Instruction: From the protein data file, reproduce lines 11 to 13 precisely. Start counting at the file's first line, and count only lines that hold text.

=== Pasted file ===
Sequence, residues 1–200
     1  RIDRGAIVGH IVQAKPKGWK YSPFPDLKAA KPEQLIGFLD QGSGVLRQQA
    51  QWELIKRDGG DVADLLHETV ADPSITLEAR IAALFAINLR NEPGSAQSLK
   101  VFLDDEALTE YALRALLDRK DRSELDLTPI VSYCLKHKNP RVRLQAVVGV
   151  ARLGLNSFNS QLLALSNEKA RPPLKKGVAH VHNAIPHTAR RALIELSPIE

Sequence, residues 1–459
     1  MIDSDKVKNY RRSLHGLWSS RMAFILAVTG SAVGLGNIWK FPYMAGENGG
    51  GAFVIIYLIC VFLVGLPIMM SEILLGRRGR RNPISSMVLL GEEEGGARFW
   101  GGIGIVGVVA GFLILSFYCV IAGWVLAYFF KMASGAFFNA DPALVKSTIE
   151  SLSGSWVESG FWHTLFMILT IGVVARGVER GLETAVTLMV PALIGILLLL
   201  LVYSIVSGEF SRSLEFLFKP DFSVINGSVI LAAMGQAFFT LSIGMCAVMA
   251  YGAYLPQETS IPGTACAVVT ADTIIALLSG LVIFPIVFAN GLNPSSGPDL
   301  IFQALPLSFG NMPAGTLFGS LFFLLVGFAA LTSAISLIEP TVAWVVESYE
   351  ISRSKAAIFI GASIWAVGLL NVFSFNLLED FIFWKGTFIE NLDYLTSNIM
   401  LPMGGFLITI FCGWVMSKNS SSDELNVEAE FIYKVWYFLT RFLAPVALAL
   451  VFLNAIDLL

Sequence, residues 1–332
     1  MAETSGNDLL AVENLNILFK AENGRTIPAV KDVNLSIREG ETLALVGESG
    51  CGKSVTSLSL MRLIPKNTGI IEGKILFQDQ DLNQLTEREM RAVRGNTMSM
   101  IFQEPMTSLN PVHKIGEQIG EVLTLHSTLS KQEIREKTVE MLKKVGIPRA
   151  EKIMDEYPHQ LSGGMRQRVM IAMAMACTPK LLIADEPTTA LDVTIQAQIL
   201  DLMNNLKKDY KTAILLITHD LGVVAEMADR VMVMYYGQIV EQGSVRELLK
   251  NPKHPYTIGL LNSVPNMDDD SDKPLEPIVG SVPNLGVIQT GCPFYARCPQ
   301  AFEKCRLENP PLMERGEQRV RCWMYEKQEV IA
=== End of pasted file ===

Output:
   201  LVYSIVSGEF SRSLEFLFKP DFSVINGSVI LAAMGQAFFT LSIGMCAVMA
   251  YGAYLPQETS IPGTACAVVT ADTIIALLSG LVIFPIVFAN GLNPSSGPDL
   301  IFQALPLSFG NMPAGTLFGS LFFLLVGFAA LTSAISLIEP TVAWVVESYE